What Software Craftsmanship Means to Me

Throughout the recent debate catalyzed by Dan North, I have spent a significant amount of time thinking about what this profession is that I have chosen to pursue and what it means to me. During the debate Corey Haines and Dan had on Twitter today, my thoughts crystallized and I felt compelled to record them. I doubt that many will read this, but if nothing else, it will allow me to measure my progress when I come back and reread it later.

While I self identify as a Software Craftsman, like Corey, I find that I agree with Dan regarding the movement. Maybe I agree with Dan because I self identify as a craftsman. No one else calls me a craftsman. There was no exam, no council of masters, just me and a desire to write less crappy software. So what does it all mean? What is Software Craftsmanship?

Well, it means not writing crap code, obviously! But what is crap code? I have never in the last 10 years worked with a developer who set out to write crap code. Working at a Fortune 100 company with annual releases, a team that laughed at the one guy doing unit testing and code that could fill hundreds of Daily WTF posts, we were all doing the best we knew how and trying to regularly (every single year!) produce value for our customers. Were we Software Craftsmen? I guess so. I mean, nothing in the manifesto would contradict that assertion.

So what is Software Craftsmanship? More importantly, what isn't Software Craftsmanship? I think the Ri answer is "Software Craftsmanship is doing the right thing." That isn't likely the Shu or Ha answer. Who knows what they are? I guess it depends, right? ;-)

I'm in no position to define this movement, but I will share my thoughts anyway. What else are blogs for, right?
  • First and foremost, Software Craftsmanship requires constant self improvement through study and practice. This includes learning from the experience of others (books, blogs, discussion groups, Twitter, etc.) and willingly sharing your knowledge and experience with those in the community, especially your coworkers.

  • Software Craftsmanship favors Clean Code (as defined by Robert Martin): concise, expressive code with limited duplication, (many) single responsibility classes and clear abstractions. Learn about and apply the correct design principles and patterns for your solution.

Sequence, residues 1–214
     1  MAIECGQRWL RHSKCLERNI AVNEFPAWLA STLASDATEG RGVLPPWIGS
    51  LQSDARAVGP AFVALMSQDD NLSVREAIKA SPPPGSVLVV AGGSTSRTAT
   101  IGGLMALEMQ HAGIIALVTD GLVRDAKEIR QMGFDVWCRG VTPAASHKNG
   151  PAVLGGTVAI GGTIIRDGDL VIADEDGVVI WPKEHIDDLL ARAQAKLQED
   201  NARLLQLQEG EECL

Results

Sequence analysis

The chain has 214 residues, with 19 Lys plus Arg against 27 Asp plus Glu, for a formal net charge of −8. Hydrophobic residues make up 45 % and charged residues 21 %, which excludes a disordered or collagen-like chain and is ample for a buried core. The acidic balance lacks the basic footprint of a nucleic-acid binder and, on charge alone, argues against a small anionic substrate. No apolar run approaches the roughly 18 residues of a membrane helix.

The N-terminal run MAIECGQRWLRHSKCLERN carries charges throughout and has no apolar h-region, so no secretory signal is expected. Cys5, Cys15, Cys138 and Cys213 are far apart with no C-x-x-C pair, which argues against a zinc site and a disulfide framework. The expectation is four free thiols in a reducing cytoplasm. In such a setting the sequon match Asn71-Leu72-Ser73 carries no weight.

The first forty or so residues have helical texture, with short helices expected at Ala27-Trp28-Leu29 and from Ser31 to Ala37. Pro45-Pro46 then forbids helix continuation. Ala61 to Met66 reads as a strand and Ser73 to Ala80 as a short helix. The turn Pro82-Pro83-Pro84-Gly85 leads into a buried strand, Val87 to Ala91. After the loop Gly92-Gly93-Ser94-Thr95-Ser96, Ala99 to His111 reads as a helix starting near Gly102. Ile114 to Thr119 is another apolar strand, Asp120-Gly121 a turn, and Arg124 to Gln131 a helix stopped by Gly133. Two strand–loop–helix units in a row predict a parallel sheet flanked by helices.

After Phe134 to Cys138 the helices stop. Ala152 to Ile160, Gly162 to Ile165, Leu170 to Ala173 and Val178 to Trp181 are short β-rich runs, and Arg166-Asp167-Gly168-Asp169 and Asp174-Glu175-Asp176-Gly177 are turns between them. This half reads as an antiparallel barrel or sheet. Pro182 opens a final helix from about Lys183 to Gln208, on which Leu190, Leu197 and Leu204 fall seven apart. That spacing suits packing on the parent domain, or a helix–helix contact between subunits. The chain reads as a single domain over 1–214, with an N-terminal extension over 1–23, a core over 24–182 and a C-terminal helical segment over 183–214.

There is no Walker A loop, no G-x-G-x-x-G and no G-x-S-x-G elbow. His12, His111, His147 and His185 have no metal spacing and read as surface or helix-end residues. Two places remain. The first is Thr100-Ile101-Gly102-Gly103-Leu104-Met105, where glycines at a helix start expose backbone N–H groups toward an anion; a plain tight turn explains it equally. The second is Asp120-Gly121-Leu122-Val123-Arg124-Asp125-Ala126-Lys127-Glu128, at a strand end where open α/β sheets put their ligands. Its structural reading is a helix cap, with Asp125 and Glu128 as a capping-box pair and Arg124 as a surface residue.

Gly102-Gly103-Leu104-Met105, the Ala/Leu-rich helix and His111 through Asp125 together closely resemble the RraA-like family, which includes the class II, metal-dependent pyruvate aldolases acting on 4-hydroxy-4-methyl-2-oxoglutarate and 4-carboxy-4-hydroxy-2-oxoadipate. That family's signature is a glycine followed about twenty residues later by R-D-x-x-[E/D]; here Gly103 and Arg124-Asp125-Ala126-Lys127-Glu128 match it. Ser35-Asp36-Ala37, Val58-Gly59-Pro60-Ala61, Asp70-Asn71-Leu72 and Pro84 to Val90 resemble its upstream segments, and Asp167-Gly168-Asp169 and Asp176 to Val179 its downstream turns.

• Software Craftsmanship insists on testable code with high levels of code coverage. This is more important than some grand design with perfect abstractions and encapsulation. Let the tests guide your design.

  • Software Craftsmanship emphasizes maintenance and enhancement of existing systems rather than regularly attempting to recreate what a business has already paid to build. It can take years for a new system to repay the high initial development investment. If we let it fall into disrepair and demand a rewrite just as the company breaks even, we are not adding business value, we are destroying it.

  • Software Craftsmanship favors Domain Driven Design rather than Data Driven Design or RAD. RAD tools emphasize the creation phase at the expense of the maintenance phase of a system's life cycle. Data Driven Design produces systems that are bound to a database implementation, generally less expressive of the intentions of the solution and likely run into performance and scalability limitations (vendor promises not withstanding.)

  • Software Craftsmanship prefers simple over configurable, Little Design Up Front over Big Design Up Front, flexible code over extensive frameworks.
Well crap! That looks like it could have been part of a manifesto for Alt.NET! Is Software Craftsmanship repeating the past? What have we learned that makes this time different? I don't know. All I know is that I have been trying to regularly and consistently improve my skills, share what I know and inspire those around me to improve so we can stop producing quite so much crap. Any advice on how to do that better is certainly welcome.

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